• Research the NET return that you will receive for your cards. Calculate the actuial price that you will receive rather than the gross value. As an example, auction house prices to the seller are usually less than 80% of the final price and you have no control of what your cards will sell for.
• You can sell through the mail. Check references, years in business, and make sure that you're comfortable.
• Getting your cards graded isn't necessarily going to be worth it.
An example of lofty and limited expectations
Two men each have a relatively similar baseball card collection that they're looking to sell.
One thinks his collection might be worth thousands, or even tens of thousands of dollars.
The other is unsure if his collection even has value. He thinks he'd be lucky to get $100 for the whole thing.
In most cases both men are wrong. But as you might imagine, the second man is much easier to deal with. He doesn't have an extremely inflated view of the value of his stuff, like in the Jim Brown example above. He will likely be excited that his collection is worth more than he initially thought.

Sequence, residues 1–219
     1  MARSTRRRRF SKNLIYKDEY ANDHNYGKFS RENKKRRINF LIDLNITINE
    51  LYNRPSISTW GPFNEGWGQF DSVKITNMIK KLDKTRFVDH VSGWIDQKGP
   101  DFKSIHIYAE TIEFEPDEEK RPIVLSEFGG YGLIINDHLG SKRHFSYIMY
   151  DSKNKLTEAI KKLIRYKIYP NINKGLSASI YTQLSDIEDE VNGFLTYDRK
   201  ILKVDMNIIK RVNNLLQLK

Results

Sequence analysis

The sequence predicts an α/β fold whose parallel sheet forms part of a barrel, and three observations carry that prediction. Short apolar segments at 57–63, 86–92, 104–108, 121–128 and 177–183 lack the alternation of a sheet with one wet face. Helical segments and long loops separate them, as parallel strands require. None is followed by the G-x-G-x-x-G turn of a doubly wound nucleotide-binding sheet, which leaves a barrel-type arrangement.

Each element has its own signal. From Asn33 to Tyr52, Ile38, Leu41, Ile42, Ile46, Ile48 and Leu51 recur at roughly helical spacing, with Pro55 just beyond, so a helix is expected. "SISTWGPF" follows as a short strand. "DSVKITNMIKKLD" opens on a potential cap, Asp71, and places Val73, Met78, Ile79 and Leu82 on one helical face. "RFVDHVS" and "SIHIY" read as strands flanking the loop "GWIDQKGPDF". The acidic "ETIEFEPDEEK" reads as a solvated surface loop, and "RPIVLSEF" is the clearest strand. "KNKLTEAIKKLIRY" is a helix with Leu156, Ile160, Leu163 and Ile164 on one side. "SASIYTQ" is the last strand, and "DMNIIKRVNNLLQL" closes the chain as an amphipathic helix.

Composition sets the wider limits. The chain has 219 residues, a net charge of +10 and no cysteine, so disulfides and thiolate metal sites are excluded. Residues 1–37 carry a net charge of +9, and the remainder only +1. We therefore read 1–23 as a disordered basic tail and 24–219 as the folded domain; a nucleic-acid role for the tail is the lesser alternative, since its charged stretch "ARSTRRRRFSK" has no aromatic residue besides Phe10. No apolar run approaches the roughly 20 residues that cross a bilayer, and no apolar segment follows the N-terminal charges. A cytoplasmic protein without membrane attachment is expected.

Warning, sensitive readers might find some of this info hard to swallow!
We stand by our free appraisals/valuations.
If you would like one, or you have any questions about how we arrive at the numbers we do. Please reach out. We'd be happy to explain in great detail exactly how we research, evaluate, and price our purchases.
Our Vice President, Scott Alpaugh was a senior grader at one of the major grading services for several years and is widely regarded as one of the best at authenticating and grading in the industry. He and our other experienced staff members are always happy to guide you through how we determine condition, rarity, recent sale results, and ultimately value.
Thanks for reading.